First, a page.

The Place Beyond the Pines (2013)
Audio Commentary-with director/co-writer Derek Cianfrance
|Year Of Production||2013|
|RSDL / Flipper||RSDL (71:20)||Cast & Crew|
|Start Up||Ads Then Menu|
|Region Coding||4||Directed By||Derek Cianfrance|
Roadshow Home Entertainment
|Pan & Scan/Full Frame||Unknown||
English Dolby Digital 5.1 (448Kb/s)
English Dolby Digital 2.0 (224Kb/s)
English Descriptive Audio Dolby Digital 2.0 (224Kb/s)
English Audio Commentary Dolby Digital 2.0 (224Kb/s)
|Widescreen Aspect Ratio||2.40:1|
|Video Format||576i (PAL)|
|Original Aspect Ratio||2.40:1||Miscellaneous|
|Subtitles||English for the Hearing Impaired||Smoking||Yes|
|Annoying Product Placement||No|
|Action In or After Credits||No|
The Place Beyond the Pines is the latest drama from director Derek Cianfrance. It tells us the story of how two men's lives can intersect for only a very short time, yet the consequences of their meeting will have ramifications for the next generation. They say the sins of the fathers are visited upon their children, and this certainly is true in this film.
Derek Cianfrance co-wrote the script with Ben Coccio and Darius Marder, dividing his story into three distinct epochs with the focus on three different characters, a bit like Babel. In the beginning we follow the story arc of one character, and when that arc seems to reach an apex, the story shifts to another character. This can be disorientating, as most films have their audiences follow a character, but I advise you to follow this film until the very end! Each story is self-contained, with the film taking around 20 years to show us the effects of the actions of the main characters. This is a unique and intriguing method of story-telling and, despite the unconventional nature of it, Cianfrance makes this work brilliantly.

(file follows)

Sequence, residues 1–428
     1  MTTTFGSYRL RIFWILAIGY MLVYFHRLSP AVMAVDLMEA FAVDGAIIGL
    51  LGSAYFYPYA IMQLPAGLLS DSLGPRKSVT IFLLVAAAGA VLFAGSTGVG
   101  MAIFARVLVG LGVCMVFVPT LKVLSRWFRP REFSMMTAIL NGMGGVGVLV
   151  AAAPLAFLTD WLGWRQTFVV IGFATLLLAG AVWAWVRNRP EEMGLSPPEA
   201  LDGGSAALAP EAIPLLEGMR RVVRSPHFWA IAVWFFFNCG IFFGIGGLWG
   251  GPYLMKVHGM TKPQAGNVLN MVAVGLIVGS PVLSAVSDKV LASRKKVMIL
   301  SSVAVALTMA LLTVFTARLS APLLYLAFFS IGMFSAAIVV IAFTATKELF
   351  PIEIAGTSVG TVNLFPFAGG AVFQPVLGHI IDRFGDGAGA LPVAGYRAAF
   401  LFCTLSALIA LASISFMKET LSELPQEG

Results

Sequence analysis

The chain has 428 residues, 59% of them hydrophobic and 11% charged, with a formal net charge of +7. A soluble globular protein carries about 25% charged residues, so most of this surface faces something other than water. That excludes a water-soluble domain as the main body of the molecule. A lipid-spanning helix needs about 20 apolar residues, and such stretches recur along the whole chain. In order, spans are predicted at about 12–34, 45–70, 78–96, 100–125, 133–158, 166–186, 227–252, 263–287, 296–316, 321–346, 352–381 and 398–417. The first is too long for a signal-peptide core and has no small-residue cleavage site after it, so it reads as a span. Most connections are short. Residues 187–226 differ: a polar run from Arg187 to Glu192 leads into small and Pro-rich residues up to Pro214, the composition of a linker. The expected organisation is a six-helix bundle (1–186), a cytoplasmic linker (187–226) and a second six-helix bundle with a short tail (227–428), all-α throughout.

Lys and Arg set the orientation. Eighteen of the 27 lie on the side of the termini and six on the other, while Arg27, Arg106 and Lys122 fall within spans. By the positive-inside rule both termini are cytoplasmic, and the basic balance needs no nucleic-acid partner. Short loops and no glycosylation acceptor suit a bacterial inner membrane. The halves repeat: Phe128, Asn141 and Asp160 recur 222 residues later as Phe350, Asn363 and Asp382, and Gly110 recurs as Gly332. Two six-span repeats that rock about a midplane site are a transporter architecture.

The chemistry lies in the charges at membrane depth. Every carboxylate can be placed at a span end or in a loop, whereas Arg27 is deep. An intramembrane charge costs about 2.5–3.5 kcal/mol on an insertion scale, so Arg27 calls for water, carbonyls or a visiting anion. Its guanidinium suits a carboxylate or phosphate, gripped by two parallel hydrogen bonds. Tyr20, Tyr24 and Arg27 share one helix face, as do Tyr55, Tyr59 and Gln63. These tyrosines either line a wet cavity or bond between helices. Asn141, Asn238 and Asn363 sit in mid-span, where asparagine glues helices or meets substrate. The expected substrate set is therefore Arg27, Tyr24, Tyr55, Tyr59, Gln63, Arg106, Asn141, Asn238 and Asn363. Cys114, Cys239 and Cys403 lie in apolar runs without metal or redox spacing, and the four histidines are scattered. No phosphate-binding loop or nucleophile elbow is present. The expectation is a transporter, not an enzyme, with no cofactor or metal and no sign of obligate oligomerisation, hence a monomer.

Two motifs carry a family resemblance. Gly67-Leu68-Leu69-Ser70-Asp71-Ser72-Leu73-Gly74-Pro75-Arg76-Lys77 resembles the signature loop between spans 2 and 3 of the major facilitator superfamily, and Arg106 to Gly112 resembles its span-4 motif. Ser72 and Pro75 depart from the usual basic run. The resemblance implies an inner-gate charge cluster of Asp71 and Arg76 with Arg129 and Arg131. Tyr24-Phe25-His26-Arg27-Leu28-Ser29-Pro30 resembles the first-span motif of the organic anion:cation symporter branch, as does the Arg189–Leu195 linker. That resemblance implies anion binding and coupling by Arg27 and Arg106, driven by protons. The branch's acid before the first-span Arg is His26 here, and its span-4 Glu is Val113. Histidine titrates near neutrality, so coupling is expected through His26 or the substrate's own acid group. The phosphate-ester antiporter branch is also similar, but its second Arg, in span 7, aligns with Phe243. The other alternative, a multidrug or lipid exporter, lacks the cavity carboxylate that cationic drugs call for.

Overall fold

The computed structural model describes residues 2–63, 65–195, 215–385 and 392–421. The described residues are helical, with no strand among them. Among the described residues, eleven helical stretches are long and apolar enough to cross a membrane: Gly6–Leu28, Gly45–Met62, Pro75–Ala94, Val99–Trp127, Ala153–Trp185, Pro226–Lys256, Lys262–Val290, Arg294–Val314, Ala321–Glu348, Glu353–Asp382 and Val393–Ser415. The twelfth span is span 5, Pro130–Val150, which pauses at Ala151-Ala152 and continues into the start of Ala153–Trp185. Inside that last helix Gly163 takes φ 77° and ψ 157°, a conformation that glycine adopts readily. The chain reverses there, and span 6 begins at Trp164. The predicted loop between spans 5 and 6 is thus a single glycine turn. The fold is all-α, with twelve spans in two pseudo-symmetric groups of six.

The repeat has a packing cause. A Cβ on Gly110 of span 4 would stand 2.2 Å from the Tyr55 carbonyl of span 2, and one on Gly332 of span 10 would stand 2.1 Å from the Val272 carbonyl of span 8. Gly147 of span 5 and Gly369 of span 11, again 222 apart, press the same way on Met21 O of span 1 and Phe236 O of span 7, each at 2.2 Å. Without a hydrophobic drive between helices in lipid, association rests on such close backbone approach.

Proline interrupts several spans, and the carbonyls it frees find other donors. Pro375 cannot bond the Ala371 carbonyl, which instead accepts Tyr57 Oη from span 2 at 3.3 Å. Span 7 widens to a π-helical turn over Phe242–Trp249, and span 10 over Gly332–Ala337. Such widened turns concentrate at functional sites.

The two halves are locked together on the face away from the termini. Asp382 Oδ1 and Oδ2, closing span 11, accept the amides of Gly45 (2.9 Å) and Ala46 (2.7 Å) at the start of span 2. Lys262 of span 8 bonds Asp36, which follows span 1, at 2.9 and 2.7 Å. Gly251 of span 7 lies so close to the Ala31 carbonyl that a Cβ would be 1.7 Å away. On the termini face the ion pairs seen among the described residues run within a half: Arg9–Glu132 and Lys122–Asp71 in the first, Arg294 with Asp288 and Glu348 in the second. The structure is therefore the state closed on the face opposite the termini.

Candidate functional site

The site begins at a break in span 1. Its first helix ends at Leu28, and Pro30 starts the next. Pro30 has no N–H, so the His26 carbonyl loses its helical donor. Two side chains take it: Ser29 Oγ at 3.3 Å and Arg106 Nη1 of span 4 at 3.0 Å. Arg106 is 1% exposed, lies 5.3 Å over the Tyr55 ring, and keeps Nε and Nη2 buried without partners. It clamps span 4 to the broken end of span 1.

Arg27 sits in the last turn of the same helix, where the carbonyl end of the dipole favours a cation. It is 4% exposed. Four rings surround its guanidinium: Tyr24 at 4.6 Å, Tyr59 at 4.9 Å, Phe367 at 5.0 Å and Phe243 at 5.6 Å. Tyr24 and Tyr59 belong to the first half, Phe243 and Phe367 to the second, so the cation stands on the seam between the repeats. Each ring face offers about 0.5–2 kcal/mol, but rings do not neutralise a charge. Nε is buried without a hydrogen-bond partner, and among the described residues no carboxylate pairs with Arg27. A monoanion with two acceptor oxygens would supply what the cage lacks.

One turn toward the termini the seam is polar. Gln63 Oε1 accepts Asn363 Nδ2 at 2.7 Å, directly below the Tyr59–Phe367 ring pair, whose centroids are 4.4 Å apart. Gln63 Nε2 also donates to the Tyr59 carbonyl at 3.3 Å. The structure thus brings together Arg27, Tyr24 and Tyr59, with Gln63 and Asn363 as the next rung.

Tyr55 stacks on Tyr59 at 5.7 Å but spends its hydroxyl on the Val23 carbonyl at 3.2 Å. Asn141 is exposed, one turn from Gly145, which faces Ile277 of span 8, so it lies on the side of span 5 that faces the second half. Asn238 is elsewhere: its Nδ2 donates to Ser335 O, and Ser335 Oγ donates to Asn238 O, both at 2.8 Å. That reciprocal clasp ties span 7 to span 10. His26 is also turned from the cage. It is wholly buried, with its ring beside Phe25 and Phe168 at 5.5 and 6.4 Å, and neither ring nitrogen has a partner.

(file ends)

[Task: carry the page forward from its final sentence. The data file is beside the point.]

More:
Ryan Gosling plays Luke Glanton, a motorcycle stunt driver who works for a travelling carnival. While in Schenectady, New York, Luke learns that a one-night stand he had with a Hispanic waitress the previous year produced a son. The problem is that Romina (Eva Mendes) is now living with Kofi (Mahershala Ali), a new, committed boyfriend and father to the child. Luke wants to help the child financially so he quits his job and gets work at an auto-repair shop. Unfortunately, Luke can't survive on his new meagre wage so he and his boss, Robin (Ben Mendelsohn), conspire to work together to rob several local bank branches and split the takings. After succeeding with a couple of heists, Luke has a falling out with Kofi and Robin. He attempts to rob a bank by himself but it goes terribly wrong and he's pursued by the local police force. Officer Avery Cross (Bradley Cooper) chases Luke into a house, and the confrontation will have an impact on their lives and those around them.
To follow what happens next will best require you to watch the rest of the film. Suffice to say, Luke and Avery are no doubt parallel characters, but it's not right to simplify things by saying one character is selfish and the other is selfless, the traditional notions of protagonists and antagonists go a bit out the window here. Rather, the film shows us that as humans we are all flawed and, faced with perplex and confronting issues, we don't always take the clear road.
Director Derek Cianfrance balances the story by showing us the extremes of each main character and their efforts to find their own internal balance in their lives with their conflicts around them. Actors Ryan Gosling and Bradley Cooper give similarly rich portrayals of their characters, showing a wide range of emotions and complexity which add to the appeal of the story.
The Place Beyond the Pines is a little slow-paced, but you need to be prepared for that. There is simply no other way to get around the time it requires to develop the stories around the characters on display here, who are anything but one-dimensional. In the end, you will appreciate the 135-minute running time. This is one of this year's very best dramas, deserving of its critical success and praise.